Donald Grayson, a professor of anthropology at the University of Washington,
agrees. He points to recent archaeological evidence from Monte Verde, Chile,
humans had settled in the Americas about 13,000 years ago, well before the Clovis people arrived and the major wave of mammalian extinctions occurred.
Grayson said that at the end of the Ice Age, the melting of the glaciers that
had covered Canada and the northern United States caused dramatic alterations
and vegetation. In the continent's interior, both winters and summers became more extreme. Landscapes that had contained a patchwork of trees and pasture
became more homogeneous -- either all forest or all grassland.
"There were complex combinations of plants that you don't find after that period of time," he said. Many animals shifted their ranges in response to changing habitat.
By constructing computer maps of the distribution of mammal fossils from different
time periods, Graham sees evidence that the ranges of species like the Columbia
mammoth and the Shasta ground sloth were steadily shrinking for thousands of years before they became extinct.
"Large animals require larger geographic ranges, and as you reduce the
geographic range, the probability of extinction goes up exponentially,"
he said. "With small
distributions, local effects like fire, disease and competition become very important."
But if climate change was severe enough to cause a wave of extinctions in the
Americas, it should have caused the same phenomenon globally, argues Ross D.E.
MacPhee, curator of vertebrate zoology at New York's American Museum of Natural History. Yet most other regions were spared, even the nearby West Indies.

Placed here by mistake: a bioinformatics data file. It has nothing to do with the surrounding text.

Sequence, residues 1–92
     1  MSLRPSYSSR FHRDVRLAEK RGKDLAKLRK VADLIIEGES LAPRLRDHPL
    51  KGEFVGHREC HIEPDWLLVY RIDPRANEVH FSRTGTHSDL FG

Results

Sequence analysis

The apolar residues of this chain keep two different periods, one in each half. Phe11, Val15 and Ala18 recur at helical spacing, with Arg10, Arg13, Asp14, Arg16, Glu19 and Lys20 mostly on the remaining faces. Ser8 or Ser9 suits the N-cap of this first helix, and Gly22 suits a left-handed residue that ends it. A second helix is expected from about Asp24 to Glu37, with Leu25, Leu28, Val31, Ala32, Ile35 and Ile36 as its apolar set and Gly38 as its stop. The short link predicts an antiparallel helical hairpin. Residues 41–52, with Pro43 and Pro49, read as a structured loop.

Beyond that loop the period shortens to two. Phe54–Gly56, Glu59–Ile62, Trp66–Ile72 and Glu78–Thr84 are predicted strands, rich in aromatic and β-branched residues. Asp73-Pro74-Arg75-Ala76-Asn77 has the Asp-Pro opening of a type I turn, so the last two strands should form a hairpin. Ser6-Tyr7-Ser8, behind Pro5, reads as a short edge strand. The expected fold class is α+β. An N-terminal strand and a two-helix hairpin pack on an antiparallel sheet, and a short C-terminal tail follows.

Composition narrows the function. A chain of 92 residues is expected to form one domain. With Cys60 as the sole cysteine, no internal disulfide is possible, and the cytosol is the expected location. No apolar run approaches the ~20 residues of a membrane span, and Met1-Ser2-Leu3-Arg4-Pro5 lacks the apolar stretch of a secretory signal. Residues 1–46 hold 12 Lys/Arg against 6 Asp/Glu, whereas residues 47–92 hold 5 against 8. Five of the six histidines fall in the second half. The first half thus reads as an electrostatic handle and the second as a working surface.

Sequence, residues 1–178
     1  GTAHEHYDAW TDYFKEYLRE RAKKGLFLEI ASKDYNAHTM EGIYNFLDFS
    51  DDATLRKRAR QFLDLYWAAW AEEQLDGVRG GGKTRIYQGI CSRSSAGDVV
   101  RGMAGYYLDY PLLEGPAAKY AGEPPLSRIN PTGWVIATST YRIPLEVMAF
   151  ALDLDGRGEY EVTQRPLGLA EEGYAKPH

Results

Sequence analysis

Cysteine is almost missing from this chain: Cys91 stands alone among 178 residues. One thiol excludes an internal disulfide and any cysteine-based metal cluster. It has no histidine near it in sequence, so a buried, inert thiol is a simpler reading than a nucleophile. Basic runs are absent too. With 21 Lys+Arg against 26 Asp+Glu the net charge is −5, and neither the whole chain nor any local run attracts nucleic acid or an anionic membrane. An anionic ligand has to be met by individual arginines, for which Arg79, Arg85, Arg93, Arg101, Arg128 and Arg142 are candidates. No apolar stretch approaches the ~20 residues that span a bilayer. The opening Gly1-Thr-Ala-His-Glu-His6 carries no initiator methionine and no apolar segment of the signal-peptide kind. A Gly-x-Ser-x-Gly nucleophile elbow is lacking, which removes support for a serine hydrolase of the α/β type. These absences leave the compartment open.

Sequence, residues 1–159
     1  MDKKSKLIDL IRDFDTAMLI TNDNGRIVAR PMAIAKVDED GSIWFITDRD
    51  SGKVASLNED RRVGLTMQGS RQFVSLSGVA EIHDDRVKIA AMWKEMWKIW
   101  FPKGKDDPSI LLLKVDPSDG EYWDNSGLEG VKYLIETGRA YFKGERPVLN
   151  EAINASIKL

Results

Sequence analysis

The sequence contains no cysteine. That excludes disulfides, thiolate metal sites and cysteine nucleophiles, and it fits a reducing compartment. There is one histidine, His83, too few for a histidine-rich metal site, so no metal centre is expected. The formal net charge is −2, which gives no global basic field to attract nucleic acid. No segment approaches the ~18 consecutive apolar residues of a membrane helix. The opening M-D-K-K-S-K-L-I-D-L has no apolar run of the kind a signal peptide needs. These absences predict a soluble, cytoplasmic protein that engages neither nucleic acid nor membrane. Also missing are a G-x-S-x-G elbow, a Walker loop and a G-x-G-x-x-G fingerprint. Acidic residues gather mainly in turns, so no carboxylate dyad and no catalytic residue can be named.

"Why weren't things falling down in droves in Africa?" he asked.
Like Martin, MacPhee is impressed with the fact that extinctions in the Americas
and several other places seem to have closely followed the arrival of humans.
he doubts that overhunting is the explanation, noting that no whale or seal species has been driven to extinction in the past 200 years despite extreme overhunting.
Instead, MacPhee is betting that a virus or other microbe new to the Americas
arrived with human settlers and killed off many mammal species that had no natural
resistance. He points to the devastation caused later among Native Americans by smallpox, measles and other "European" infections.
"Nothing in nature is able to cause such levels of havoc except emerging
diseases," MacPhee said. "It was either the humans themselves that
were vectors, or
parasites of humans, or it could have been parasites of animals that came in with humans."
To fulfill MacPhee's "hyperdisease hypothesis," a new infection would
have had to spread quickly among individuals of all ages and sexes and would
have been able
to cross species barriers. He suspects it would have spread through the air. Candidates might include influenza and rinderpest, a disease of cattle that also affects
deer, antelope and related species.
MacPhee is searching for evidence of such infections in frozen tissue from
mammoths, ground sloths and other beasts that died out at the end of the Ice
infected animal's immune system would make antibodies against the invading virus, chemicals that might be detectable. If antibody tests are positive, MacPhee plans
to search for viral genetic material.
"No extinction is a simple matter. There's always an environment in which
it happens," said MacPhee. "I need to show and convince people that
disease by itself
could be considered a primary factor, rather than a secondary or negligible one."
File Date: 011.22.01